Dancing with the Trend

Questions from Readers - 3rd Qtr. 2015

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The first article of each calendar quarter will contain the best 10-12 questions posed by readers over the past 3 months.  This is the second one in this Q&A series; the first one is here.  This hopefully will encourage asking questions via the Comments section.  Of course, the best questions are the ones where the answer will benefit many readers.  Please keep the questions somewhat related to the article.  Thanks!


Q - Hi Greg, do you do extensive research on business cycle and market cycle work or do you subscribe to anybody for the analysis? (Ed Hyman?) While at Stadion did you only use technical price derived analysis or was it a combination of fundamental models with technical entry models layered on top? I realize these are 2 questions in one. Thanks.   Posted by: SD | July 05, 2015 at 01:59 AM On Secular Bears

     A – I used to follow Walt Bressert’s commodity cycle (alpha beta) work and subscribed to the Foundation for the Study of Cycles but was never able to utilize them to actually trade – that was back more in the hobbyist and newbie days.  Stadion is a technical shop for the strategies that I was involved in.  They are most definitely a process driven shop.

Q - Hi Greg, what is your professional opinion on cycle research (Fourier, MESA, Hurst or J. Ehlers work)? Have you ever used any cycle analysis in your technical trading models or are you/were strictly a trend follower? Thanks Posted by: SD | July 06, 2015 at 01:03 AM On Technical Analysis Magic

     A – MESA and J. (John) Ehlers are the same thing.  John has been a good friend for well over 35 years – another engineer.  J.M. Hurst’s book, “The Profit Magic of Stock Transaction Timing,” despite its horrible title is an excellent book on cycles.  See previous question about my use of cycles; however, for past 20 years solely a trend follower.  It was then I realized that I didn’t have to pay attention to anything other than the market itself.

Q - Where do we find these symbols? Posted by: CP | July 30, 2015 at 07:42 AM On Zahorchak Measure

     A – Symbol Catalog on StockCharts.com.  All of my breadth indicators begin with !BI, followed by NY for New York Composite.  When we are finished there will be NA for Nasdaq and TO for Toronto.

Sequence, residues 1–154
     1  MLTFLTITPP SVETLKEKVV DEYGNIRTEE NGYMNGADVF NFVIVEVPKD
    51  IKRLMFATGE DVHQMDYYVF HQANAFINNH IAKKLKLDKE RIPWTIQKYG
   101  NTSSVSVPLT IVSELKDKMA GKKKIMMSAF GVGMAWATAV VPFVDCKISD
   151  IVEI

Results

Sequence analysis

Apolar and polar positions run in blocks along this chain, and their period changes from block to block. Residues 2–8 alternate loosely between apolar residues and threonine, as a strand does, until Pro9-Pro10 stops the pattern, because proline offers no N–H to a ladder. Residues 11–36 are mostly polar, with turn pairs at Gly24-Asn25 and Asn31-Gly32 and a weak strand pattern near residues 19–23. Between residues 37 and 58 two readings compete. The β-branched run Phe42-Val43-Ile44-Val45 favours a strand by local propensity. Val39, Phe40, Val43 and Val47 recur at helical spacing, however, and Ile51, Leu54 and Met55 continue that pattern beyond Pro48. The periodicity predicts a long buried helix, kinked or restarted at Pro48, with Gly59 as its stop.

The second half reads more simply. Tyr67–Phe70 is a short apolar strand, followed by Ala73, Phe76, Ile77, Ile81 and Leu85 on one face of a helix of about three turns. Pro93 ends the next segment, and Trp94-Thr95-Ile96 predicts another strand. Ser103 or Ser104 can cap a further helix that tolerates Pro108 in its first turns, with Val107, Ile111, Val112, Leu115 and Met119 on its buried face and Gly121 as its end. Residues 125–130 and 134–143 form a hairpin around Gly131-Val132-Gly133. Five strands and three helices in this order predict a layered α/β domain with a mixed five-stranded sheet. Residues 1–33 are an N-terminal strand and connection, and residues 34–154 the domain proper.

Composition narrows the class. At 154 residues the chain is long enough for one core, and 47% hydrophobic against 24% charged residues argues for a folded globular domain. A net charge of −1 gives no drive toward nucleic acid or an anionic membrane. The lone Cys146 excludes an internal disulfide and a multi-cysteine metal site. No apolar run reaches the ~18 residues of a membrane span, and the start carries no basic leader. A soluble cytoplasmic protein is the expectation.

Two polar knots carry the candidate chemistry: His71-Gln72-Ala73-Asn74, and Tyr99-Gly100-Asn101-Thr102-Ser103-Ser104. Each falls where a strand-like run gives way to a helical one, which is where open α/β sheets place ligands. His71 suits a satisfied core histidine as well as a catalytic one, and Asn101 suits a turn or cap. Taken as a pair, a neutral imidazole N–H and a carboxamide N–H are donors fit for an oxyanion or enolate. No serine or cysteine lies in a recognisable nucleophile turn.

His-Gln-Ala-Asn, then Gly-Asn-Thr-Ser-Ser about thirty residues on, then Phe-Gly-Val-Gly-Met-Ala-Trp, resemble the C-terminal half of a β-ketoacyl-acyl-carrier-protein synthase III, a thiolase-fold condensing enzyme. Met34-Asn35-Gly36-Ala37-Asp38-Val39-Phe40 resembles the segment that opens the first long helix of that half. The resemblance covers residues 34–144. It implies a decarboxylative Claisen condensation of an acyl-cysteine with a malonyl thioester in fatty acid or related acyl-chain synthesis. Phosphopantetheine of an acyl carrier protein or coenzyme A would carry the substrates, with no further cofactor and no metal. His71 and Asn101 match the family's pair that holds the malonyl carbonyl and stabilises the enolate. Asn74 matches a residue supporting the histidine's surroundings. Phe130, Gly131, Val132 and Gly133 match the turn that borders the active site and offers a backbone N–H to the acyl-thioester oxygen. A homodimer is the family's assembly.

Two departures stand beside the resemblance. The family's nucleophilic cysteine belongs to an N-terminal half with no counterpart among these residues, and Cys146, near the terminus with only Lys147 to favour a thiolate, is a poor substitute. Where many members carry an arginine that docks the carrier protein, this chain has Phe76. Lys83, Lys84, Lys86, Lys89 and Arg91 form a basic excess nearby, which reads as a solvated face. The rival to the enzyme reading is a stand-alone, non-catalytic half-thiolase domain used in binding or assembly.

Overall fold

Q - Is there a similar symbol available for the Canadian market? MM Posted by: MM | July 30, 2015 at 09:24 AM On Zahorchak Measure

     A – Not yet, we are doing the entire book using NYSE breadth, then will also do Nasdaq and Toronto.  See previous question.

Q - Interesting that today the Weekly is -1 but the daily is 8... Posted by: MM | July 30, 2015 at 17:50 PM On Zahorchak Measure

     A – If you think about it, the weekly will only generate a signal after the close on Friday, while the daily can plummet or soar for 4 days until Friday.

Q - Question: No Zahorchak Measure for Nasdaq? Could only find NYSE. Posted by: PM | July 30, 2015 at 18:21 PM On Zahorchak Measure

     A – See two questions earlier.  First NYSE, then Nasdaq and then Toronto.

Q - Often financial innovation is often just leverage in thinly veiled disguise. - needs editing: take out one of the "oftens" Posted by: MM | August 17, 2015 at 20:08 PM On Lists of Market Wisdom

     A – I have often been accused of using often too often.  Plus, these are not my lists, they were created by others.

Q - Greg, I am reading "Investing with the Trend" as well as the articles here. I choose Figure 4-18 as the easiest to use if what I see there will be presented in the same way at all times. Using !BINYEAD(daily) the rule is: When the line rises >0, BUY when subsequent price exceeds the most recent previous high that occurred when the line was <0. HOLD the long position and SELL when the line moves <0. If that interpretation is correct the indicator becomes one used in determining the weight of evidence. Posted by: RW | August 18, 2015 at 00:04 AM On Advance Decline Difference Ind...

     A – I think you can see from my Author Comments section that I was not impressed with this one.  Remember, the goal of the book is to provide every breadth indicator known to man.  Here is the text directly from my book:  The only source for this was John McGinley’s Technical Trends service.  Since the daily version in chart 4-18 did not seem to work very well, here, in chart 4-19 is the weekly version as it was originally designed to be used.  Market bottoms seem to be well identified by the downward spikes in the indicator and whenever the indicator is above the zero line, the market is generally bullish.  However, it does tend to stay bullish too long and does not seem be work well for tops.

Q - Thanks for the info. It would be very helpful to include link-able charts. I can't get the indicator to look like yours. Thanks Posted by: BJ | August 28, 2015 at 12:30 PM On Advance Decline Misc. Indicators...

     A – A good suggestion, but will have to wait until the Kindle version is released. Plus if the indicator was created by the SharpCharts workbench, they would not have a !BI symbol. Thanks.